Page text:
Imagine the scene with the urinating man. If I saw that scene here, in the Bay Area, I would be startled. In India, it was just one of those things that people accept in society. Although it was rather disgusting, people were just walking by as if they didn't see the man. Just the same, people in America don't really care if two people are kissing in public. In India, if anyone saw that, they would pull the couple apart and look down upon them. You could compare that to me. I would be a "sight" in India, while here I am just an Indian middle-class teenager. But in India the discrimination increases my self-esteem, while in the United States it hurts it. These experiences brought me to the question, "Why can't I be accepted as both, a normal middle class-teenager in the United States and a rich teenager in India?" The answer came from within me: Because I am an Indian-American, half-Indian and half-American.
India has its homeliness, but America is still my home. My dreams lie in America. My visions for the future lie in America. One day I would like to make this world a better place to live in than it is now. I would like to find the cure to a deadly disease like AIDS or cancer. If I was in India, this dream would not exist. With the disadvantages of not having extremely advanced technologies and enough money to fund them, India does not have the same capabilities to extensively research such diseases. The United States does.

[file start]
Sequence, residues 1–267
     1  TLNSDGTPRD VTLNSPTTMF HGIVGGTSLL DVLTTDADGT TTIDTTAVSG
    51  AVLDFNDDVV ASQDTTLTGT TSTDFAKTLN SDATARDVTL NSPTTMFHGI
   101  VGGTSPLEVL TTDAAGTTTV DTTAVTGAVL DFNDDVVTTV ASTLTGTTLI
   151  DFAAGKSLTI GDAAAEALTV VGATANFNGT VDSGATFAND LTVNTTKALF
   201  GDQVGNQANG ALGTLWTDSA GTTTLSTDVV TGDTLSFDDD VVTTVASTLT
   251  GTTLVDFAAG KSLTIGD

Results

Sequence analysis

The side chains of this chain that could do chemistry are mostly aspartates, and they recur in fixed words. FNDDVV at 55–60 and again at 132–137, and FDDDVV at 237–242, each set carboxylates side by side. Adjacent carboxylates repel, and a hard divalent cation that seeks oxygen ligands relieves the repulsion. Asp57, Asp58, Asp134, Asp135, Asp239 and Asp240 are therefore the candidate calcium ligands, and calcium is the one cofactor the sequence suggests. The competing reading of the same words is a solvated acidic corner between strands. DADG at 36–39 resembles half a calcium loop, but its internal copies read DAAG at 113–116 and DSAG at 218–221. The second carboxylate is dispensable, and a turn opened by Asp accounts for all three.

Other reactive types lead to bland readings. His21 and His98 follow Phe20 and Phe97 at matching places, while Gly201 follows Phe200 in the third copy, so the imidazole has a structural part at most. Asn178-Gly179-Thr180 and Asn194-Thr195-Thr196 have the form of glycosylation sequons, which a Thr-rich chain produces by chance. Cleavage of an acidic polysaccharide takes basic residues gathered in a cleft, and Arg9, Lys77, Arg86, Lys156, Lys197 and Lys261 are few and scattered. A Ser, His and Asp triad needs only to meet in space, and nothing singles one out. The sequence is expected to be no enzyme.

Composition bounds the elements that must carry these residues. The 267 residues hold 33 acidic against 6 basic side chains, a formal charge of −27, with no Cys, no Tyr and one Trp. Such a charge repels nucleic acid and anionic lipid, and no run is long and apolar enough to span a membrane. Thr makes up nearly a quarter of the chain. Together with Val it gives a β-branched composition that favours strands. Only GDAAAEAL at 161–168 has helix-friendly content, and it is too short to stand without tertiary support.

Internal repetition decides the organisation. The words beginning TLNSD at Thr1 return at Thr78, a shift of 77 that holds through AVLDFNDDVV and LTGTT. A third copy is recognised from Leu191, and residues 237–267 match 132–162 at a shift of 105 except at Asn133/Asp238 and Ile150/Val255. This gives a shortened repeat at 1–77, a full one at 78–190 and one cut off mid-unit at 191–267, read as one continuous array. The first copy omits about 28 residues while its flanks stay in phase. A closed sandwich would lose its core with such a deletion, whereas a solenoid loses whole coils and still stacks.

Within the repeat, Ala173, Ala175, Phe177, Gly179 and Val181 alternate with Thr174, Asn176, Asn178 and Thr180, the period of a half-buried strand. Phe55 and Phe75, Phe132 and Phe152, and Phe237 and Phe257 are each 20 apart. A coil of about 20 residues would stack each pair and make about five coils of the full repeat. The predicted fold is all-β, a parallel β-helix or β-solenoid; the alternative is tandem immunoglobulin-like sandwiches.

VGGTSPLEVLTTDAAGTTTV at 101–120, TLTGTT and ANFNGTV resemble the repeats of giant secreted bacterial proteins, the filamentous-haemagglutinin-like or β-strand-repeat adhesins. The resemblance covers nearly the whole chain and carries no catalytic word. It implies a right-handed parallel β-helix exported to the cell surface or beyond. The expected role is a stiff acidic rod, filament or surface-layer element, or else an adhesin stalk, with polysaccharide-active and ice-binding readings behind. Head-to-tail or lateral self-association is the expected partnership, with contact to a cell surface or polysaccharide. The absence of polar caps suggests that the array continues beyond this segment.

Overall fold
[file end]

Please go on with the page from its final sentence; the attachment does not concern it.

"You live in the land of opportunity, take advantage of it!" This is a statement many Indian people of all castes and all social ranks have made to me. Even if they tried, most Indian people could not immigrate to America, so they want me to take their place and take advantage of what I have and they don't. Sometimes, I contemplate going to India to study in college, but then questions always come to my mind. One of the questions is, "Should I go to India and become a normal Indian and destroy my dreams, or should I stay in America and do what my fellow Indians and I want me to do, but endure racial discrimination in the process?" The choice is always simple for me: the United States offers too many benefits to me that people in India don't have, even if encountering difficulties in the process. I must dedicate myself to take advantage of my opportunities in America and become the person I think I am and want to be. The person that I want to be has the right amount of Indian culture and the right amount of American culture in him.
Just like me, many Indian American's feel they are half-Indian and half-American. Most of my culture comes from India, yet most of my intelligence comes from America. My friend once said that it was like chocolate milk. You buy the milk and the chocolate mix separately, but you mix them together to get a better taste. The milk represents one side of my culture and the chocolate the other side, you mix the two, and you get an even better combination.
Even though I live in America, India is still a big part of my life. India dominates my cultural views, my traditional views, my theories of life, my music, and most of the movies I watch. America has given me my education, my theories of proper society, my experiences with computers, and my experiences with other technology. With this mixture of personalities you get me, an American, yet an Indian also.